Royal Mail has made a desperate plea to trade union bosses to restart talks in a bid to avoid nationwide strikes at Christmas.

The postal operator has written to the Communication Workers Union with an offer to enter into discussions “without preconditions”, if the union provides a “binding commitment” to remove the threat of walkouts over the festive period.

Members of the CWU, which represents more than two-thirds of Royal Mail’s 140,000-strong workforce, voted overwhelmingly for industrial action this month in a dispute over a range of issues. Union leaders have six months to act on the mandate.

As part of its entreaty, Royal Mail has promised to extend that period if a freeze on industrial action is agreed.

Ricky McAulay, national service delivery director, said: “If the CWU agrees to rule out industrial action for the remainder of the calendar year — a critical time for our customers, we will commit to holding open discussions with no preconditions aimed at resolving the dispute.”

Strikes in the run-up to Christmas could wreak havoc on deliveries of cards and gifts and hand an advantage to Royal Mail’s rivals in the parcels market, which include DPD, Hermes and Yodel.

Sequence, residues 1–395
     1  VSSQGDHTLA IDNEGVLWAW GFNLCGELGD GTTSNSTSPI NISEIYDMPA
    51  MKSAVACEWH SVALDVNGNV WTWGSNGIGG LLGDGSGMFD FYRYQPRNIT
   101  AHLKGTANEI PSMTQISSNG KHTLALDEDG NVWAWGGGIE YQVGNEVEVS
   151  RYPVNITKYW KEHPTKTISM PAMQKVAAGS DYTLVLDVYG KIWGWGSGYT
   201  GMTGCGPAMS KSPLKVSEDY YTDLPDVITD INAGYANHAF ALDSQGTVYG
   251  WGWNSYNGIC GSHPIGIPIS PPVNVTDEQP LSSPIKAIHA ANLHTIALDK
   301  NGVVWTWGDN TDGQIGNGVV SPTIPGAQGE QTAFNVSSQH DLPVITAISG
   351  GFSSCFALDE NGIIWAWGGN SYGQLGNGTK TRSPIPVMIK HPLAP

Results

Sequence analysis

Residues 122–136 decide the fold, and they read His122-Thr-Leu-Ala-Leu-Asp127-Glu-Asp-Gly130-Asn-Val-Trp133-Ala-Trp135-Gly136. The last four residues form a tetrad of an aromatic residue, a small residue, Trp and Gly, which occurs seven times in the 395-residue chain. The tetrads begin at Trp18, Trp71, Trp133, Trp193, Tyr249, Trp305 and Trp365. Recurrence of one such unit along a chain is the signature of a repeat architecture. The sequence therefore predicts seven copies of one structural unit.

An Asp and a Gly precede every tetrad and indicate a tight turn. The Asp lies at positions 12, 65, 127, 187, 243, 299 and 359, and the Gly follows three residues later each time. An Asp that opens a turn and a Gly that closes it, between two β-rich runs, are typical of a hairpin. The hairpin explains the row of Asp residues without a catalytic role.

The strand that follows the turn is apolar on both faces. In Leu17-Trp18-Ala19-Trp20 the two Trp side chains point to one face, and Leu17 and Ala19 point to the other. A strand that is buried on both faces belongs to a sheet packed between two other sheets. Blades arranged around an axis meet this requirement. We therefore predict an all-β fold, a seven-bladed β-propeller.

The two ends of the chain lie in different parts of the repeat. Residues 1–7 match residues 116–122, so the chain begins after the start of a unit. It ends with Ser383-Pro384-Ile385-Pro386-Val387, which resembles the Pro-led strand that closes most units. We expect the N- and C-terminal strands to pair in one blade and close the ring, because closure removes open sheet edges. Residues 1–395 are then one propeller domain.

“[Royal Mail] refused to meet last week and offered just 4 hours today. These words fool nobody,” the CWU wrote on Twitter, adding that its executive would meet tomorrow and respond to Royal Mail.

Union leaders have accused the company of not respecting the “spirit and intent” of a wide-ranging labour agreement signed last year that included, among other things, a pledge to reduce weekly working hours without pay cuts.

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Royal Mail insists it has honoured the pact “to the letter”. The FTSE 250 group is seeking productivity improvements it says are necessary if the postal service is to thrive in the digital age as people send fewer letters and more parcels.

The CWU is also unhappy with new technology, alleged bullying and the organisational culture under chief executive Rico Back, who took charge in June 2018.

“I doubt CWU would want to engage in further talks with Royal Mail now after they have just completed seven weeks of mediation talks without resolution,” said David Kerstens, an analyst at Jefferies.

One possibility is that Royal Mail will take legal action to prevent walkouts, such as in 2017 when it obtained an injunction forcing the CWU back to talks. Royal Mail declined to comment on this.

Separately, members of the Unite union last week agreed to a pay deal covering 6,500 junior and middle managers at Royal Mail.

Shares in Royal Mail were down 4.5 per cent on Tuesday to 212.1p, valuing the company at £2.22bn.



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